DVD Review - Never Look Away

This film was nominated for Best Foreign Language Film at the 91st Academy Awards. It's the last film of the five nominated for me to review. The others were Roma, Shoplifters, Cold War and Capernaum. Having seen all of them now, I still agree that Roma winning was still the best choice. This film would rank at the bottom of the list, but there are some interesting things here. It was the official submission from Germany and like many films from that country, this one is about or touches upon the Holocaust. It's a historical piece that not only acknowledges Nazism as part of its history, but specifically involves a character who was essentially a Nazi. Yet, this film isn't about confronting that person or having him reckon with what he did or why. It's more about the tangential effects of someone like that on people who experience the collateral damage. Yet, it's not about someone who is Jewish. It's about Germans who didn't agree with Nazism getting caught up in the wake of it.

Writer-director Florian Henckel von Donnersmarck had his previous film, The Lives of Others, also get nominated at the 79th Academy Awards where it won in that category. The good will from that is probably what carried this film to its nomination here. Yet, his skill as a filmmaker is clear-eyed and steady. His work here, which extends beyond 180 minutes, never feels boring or a waste of time. All of it feels necessary. Unfortunately, it doesn't add up to much dramatically. It's beautiful, beautiful in its acting performances and its direction, exquisite in its design, but the ending isn't all that satisfying on a dramatic level. Its ending closes a circle as it were, but I sooner shrugged my shoulders at it than I was impressed or moved by it.

Tom Schilling (Woman in Gold and Before the Fall) stars as Kurt Barnert, an aspiring artist who prefers to become a painter. Ever since he was a little boy, his aunt used to take him into the city to visit art museums and expose him to culture. Unfortunately, he was born in the 1930's in Nazi Germany under the regime of Adolf Hitler. Specifically, he grew up outside of Dresden in East Germany where Hitler reinforced that the kind of art Kurt liked, modern art, was decadent and not something people should embrace. When the Nazis take and kill Kurt's aunt, he becomes more resolute to follow her appreciation of modern art. He therefore attends art school.

There have been several films about artists of all kinds and their relationships with older people who are mentors or something similar. This one focuses on the artist's relationship with his aunt. Aunt-nephew relationships as the center or thrust are rare. Kurt's aunt disappears when he's just a little boy. When he gets older, he never investigates what happened to her. He never talks about her again, but her presence is a lingering one over the film and him. He never has to acknowledge her for Donnersmarck to make his point. He does so visually, which is good for a filmmaker to do, but without the further acknowledgment, it makes the whole thing lose some dramatic resonance that I think it could have used to be even more effective.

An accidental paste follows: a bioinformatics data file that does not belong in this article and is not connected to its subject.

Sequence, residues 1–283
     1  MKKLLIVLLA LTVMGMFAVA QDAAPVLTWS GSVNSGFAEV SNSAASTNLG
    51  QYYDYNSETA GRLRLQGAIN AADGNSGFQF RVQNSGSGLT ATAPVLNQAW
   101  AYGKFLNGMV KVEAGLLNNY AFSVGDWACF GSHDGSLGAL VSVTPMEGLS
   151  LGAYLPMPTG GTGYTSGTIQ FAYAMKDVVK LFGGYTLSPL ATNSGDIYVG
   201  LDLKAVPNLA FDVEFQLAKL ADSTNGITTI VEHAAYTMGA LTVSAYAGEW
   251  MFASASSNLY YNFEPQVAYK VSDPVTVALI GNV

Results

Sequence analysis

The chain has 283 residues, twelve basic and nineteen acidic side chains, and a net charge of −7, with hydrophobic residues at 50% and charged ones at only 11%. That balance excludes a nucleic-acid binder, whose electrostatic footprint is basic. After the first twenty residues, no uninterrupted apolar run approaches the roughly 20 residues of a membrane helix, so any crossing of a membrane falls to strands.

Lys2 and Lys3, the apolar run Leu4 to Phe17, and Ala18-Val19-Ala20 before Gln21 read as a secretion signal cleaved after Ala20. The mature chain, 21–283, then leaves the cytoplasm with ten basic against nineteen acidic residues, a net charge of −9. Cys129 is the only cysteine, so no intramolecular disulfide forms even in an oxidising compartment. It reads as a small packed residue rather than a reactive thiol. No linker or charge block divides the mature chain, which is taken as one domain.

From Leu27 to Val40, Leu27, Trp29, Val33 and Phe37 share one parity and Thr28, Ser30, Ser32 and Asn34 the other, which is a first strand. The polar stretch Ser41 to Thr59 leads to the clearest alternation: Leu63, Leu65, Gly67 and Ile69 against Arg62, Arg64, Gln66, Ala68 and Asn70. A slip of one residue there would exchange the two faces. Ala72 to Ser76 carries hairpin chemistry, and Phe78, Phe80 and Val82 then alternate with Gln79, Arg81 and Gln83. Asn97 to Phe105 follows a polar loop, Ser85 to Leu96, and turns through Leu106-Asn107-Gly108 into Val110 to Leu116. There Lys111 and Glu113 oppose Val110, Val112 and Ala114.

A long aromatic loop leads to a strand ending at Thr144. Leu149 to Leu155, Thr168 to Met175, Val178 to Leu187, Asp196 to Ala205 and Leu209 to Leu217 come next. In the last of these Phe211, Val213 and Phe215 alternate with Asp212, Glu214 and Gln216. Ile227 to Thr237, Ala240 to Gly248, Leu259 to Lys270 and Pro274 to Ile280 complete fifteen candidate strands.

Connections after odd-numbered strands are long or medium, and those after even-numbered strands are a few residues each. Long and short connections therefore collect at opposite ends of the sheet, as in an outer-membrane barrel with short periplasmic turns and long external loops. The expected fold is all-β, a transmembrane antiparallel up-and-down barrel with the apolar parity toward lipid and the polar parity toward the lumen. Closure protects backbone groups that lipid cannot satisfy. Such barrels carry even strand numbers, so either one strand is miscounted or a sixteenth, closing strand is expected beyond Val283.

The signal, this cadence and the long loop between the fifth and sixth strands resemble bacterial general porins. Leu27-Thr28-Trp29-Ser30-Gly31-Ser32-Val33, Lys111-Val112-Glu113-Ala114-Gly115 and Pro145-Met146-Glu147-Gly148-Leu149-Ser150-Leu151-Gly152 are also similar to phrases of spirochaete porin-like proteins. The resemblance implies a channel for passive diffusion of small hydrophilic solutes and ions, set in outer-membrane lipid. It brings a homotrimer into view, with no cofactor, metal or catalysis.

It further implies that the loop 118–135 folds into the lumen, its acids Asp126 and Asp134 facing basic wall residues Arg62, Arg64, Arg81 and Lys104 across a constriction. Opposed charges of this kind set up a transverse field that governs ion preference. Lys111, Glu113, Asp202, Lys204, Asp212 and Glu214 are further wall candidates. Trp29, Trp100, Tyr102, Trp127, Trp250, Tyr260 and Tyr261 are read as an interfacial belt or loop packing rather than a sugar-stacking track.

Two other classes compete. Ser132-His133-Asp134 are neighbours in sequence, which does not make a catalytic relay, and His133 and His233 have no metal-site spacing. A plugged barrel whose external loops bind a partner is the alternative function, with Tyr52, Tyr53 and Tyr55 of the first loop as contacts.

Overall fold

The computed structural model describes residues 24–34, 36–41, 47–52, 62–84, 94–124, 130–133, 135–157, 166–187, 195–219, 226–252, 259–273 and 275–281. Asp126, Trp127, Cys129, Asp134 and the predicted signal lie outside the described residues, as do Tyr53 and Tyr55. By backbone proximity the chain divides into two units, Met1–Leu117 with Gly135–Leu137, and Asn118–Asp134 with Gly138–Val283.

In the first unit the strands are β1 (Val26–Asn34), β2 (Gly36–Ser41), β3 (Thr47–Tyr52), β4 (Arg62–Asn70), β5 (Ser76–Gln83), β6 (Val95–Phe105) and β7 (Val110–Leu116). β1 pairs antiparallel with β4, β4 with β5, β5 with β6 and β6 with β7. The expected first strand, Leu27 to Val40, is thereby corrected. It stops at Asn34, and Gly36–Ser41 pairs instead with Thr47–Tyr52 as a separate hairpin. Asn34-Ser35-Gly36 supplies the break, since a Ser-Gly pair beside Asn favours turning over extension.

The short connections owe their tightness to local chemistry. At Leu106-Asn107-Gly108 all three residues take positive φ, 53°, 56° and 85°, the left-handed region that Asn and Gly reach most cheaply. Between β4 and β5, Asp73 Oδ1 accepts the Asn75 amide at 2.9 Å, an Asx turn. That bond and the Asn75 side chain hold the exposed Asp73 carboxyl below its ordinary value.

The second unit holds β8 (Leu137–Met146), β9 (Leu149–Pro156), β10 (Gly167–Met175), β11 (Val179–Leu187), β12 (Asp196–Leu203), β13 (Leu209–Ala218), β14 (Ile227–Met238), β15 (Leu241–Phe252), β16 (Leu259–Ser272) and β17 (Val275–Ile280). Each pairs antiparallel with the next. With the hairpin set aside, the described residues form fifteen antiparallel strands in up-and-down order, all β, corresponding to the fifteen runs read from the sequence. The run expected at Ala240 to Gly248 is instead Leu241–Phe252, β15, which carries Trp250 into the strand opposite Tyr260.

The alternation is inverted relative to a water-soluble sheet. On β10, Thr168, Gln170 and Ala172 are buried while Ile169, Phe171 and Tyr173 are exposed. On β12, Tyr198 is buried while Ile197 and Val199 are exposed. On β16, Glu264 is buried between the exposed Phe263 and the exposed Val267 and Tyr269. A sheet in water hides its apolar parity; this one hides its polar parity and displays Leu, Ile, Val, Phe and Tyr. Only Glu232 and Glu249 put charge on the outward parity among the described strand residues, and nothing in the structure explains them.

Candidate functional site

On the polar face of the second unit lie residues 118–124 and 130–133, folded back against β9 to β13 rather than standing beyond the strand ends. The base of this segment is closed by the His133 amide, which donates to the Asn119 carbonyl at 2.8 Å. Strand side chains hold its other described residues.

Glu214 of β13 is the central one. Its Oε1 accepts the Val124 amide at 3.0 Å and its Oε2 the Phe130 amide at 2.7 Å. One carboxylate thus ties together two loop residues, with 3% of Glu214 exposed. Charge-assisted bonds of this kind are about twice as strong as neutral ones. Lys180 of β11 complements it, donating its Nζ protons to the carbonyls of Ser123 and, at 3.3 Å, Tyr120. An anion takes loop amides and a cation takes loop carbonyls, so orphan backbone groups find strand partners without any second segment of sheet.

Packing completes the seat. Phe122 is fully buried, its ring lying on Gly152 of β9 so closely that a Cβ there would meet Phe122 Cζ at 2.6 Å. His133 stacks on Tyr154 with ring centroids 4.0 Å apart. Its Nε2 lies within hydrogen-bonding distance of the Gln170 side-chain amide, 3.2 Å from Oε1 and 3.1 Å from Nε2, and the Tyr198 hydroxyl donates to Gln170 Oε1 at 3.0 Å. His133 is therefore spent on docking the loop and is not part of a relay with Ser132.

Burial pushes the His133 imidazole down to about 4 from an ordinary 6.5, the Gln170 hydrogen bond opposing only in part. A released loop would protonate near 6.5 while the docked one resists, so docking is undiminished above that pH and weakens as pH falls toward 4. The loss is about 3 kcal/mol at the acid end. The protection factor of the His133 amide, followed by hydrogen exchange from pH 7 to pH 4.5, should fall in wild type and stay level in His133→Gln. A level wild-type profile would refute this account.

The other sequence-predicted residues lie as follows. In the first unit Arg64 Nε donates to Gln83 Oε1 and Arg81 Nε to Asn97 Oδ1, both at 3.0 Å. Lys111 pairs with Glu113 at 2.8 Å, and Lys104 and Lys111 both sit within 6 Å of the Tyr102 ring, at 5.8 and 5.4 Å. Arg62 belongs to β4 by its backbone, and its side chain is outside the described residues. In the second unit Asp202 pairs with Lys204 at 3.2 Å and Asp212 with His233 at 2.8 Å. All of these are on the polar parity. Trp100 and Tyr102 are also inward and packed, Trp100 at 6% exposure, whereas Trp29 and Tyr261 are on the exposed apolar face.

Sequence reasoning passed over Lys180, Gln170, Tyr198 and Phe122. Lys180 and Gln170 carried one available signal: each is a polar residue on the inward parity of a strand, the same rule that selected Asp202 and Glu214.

Sebastian Koch (The Lives of Others and A Good Day to Die Hard) co-stars as Carl Seeband, a member of the Nazi party who worked as a doctor. He ran a mental hospital where Kurt's aunt was sent after she suffered a schizophrenic break. Carl's response is to have her sterilized because like most Nazis, a chief concern was the purity of the Aryan race. Along with Jewish people, the Nazis included mentally ill people as part of the Holocaust. After World War II, he's arrested, but, because he's the only one with gynecological knowledge, he's able to save the life of a pregnant woman and her baby. The pregnant woman and baby are kin to a high-ranking military officer, so this grants him a reprieve.

He doesn't know it, but he crosses path with Kurt. However, Kurt never realizes that Carl is the person who was responsible for his aunt's death. He never fully realizes how responsible Carl was in many people's deaths. Kurt never confronts him on that issue. There's a moment where Carl recognizes the connection between Kurt and his horrible past. Carl seems affected, but there isn't ever really a reckoning. He perhaps feels guilt, but his guilt is never examined. Carl recognizes the connection and then his character disappears and the movie ends.

Without that confrontation, the confrontation of Kurt and Carl about what happened to Kurt's aunt, it feels like the dramatic tension that the movie spends literally hours building was all for naught. There are other misdeeds that Carl commits like lying and an unwanted abortion about which no one ever confronts him either. It made me feel unsatisfied when the credits started to roll.

Otherwise, the film is a fictionalized account of the life of real-life painter, Gerhard Richter. Maybe, Donnersmarck wanted to be faithful to Richter's life. Even though a lot of liberties were taken in this narrative already, I don't understand why one more wasn't implemented.

Like with a few German films or films involving German characters recently, such as The Reader (2008) and Free Fall (2014), there's a lot of sex and nudity. The accuracy to period details is impeccable, such as the clothing, which makes things all the more titillating when we see all the young, pretty nakedness on display.

Werk ohne Autor
Rated R for graphic nudity, sexuality and brief violent images.
Running Time: 3 hrs. and 9 mins.


Popular Posts